If you like your comedies dark or your characters deeply eccentric and emotionally fraught, then chances are you’ve stumbled onto the work of writer/director Todd Solondz. The filmmaker found himself a success straight out of NYU, landing a three-picture deal with 20th Century Fox off of the strength of his student films. However, the lack of control and immense disappointment saddled on Solondz during his first feature Fear, Anxiety, And Depression (a potential subtitle for any of his movies) was enough to send him fleeing from the film industry for six years. He returned with the independently financed high school humiliation comedy Welcome To The Dollhouse, which promptly won awards at Berlin and Sundance. He then achieved infamy with his multi-character masterwork Happiness (which notoriously brought a compassionately and frighteningly written pedophile into his harsh comedy world). The self-conscious Storytelling and experimental semi-sequels Palindromes and Life During Wartime followed, inevitably garnering controversy, critical acclaim, and cult appreciation.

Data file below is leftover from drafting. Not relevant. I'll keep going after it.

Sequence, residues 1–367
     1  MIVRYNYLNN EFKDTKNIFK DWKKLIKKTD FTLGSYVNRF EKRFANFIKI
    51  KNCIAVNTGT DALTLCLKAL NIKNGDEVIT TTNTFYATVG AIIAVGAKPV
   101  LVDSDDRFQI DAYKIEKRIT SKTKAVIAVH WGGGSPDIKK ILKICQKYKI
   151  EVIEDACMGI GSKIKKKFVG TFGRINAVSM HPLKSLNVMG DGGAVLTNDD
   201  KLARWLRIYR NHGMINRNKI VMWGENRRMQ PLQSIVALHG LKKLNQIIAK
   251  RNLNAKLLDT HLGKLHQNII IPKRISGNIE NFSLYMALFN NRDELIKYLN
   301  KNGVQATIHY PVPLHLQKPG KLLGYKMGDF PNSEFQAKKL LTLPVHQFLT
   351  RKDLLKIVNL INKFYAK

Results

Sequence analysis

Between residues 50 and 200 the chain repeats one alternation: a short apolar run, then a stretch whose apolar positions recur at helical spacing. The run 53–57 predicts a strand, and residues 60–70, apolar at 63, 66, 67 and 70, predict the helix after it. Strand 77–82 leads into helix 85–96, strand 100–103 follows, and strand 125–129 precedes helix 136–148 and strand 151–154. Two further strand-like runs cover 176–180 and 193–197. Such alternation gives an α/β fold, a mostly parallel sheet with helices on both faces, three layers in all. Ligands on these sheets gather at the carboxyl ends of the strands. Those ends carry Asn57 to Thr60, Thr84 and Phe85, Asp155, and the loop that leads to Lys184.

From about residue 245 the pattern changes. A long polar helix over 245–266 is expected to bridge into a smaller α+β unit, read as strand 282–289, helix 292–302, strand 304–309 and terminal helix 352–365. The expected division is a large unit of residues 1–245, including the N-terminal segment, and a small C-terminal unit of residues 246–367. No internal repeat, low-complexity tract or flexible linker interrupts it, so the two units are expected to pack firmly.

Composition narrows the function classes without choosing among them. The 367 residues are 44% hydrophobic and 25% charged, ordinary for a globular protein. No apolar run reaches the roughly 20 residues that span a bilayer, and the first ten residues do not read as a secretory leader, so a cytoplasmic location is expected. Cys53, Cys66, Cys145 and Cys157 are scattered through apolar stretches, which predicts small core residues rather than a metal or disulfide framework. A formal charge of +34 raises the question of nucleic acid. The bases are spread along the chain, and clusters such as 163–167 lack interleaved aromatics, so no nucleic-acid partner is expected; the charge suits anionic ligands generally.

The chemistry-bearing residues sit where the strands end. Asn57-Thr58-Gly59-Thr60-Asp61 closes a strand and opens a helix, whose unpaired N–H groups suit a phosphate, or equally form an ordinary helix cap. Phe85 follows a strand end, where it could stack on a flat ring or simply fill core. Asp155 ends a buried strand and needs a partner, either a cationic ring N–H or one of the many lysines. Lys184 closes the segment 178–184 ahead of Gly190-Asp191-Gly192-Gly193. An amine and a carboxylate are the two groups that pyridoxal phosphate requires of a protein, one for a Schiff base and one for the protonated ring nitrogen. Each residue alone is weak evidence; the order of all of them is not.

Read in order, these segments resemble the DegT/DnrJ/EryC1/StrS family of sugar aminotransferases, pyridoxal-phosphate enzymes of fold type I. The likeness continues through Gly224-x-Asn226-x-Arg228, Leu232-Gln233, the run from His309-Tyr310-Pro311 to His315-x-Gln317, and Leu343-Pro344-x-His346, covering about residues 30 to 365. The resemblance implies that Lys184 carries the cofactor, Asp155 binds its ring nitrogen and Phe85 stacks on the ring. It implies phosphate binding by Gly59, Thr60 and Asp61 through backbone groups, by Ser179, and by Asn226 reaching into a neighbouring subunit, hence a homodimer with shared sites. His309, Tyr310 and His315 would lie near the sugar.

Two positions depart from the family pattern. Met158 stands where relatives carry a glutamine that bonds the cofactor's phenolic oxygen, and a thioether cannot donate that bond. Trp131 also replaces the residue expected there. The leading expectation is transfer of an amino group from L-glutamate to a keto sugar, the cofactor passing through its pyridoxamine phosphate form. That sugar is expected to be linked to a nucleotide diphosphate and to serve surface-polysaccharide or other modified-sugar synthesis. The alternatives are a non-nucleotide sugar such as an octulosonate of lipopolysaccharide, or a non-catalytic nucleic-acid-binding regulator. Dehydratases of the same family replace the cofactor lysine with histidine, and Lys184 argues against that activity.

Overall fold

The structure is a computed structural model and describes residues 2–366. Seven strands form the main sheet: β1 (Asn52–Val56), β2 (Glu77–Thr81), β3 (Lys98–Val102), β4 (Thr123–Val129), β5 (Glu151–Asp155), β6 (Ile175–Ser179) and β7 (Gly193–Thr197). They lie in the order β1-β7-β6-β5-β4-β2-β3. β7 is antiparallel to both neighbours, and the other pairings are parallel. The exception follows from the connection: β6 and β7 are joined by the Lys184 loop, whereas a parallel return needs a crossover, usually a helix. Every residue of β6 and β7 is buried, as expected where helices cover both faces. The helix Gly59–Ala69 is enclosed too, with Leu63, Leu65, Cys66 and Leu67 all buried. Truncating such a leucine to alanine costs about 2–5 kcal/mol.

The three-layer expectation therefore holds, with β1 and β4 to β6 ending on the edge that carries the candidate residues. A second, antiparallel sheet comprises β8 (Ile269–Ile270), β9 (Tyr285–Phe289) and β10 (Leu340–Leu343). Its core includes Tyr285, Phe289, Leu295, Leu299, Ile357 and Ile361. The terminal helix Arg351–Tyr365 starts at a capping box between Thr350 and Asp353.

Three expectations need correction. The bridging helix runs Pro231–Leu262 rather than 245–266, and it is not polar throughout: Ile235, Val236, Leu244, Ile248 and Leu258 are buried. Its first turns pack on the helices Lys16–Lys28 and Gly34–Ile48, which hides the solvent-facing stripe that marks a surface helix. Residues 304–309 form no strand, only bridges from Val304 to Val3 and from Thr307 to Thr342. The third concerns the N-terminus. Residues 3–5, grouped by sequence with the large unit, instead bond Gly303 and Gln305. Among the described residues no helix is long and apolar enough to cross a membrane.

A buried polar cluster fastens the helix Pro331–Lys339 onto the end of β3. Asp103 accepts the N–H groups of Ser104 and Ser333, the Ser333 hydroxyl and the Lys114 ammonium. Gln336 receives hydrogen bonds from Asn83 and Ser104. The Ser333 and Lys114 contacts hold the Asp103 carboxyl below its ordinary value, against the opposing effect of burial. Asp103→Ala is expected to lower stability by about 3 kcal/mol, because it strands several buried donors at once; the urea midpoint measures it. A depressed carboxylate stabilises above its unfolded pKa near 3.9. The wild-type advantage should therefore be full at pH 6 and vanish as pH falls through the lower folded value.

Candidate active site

Few comedy directors are as fearless or divisive. Solondz has a special knack for latching onto outcasts and discovering the pain and sorrow of their existence through laughs designed to stick in his audience’s throat. Solondz returned to the Toronto International Film Festival this year with his latest movie Dark Horse, his version of the regressed manchild comedies made popular by the Apatow crowd starring Jordan Gelber, Selma Blair (reprising her role from Storytelling), Mia Farrow, and Christopher Walken. Collider got a chance to sit down with the Solondz during his stay in Toronto to discuss his latest feature, his unique sense of humor, his interest in revisiting former characters, and how his movies can so often be misunderstood. Hit the jump for all the Solondzian goodness.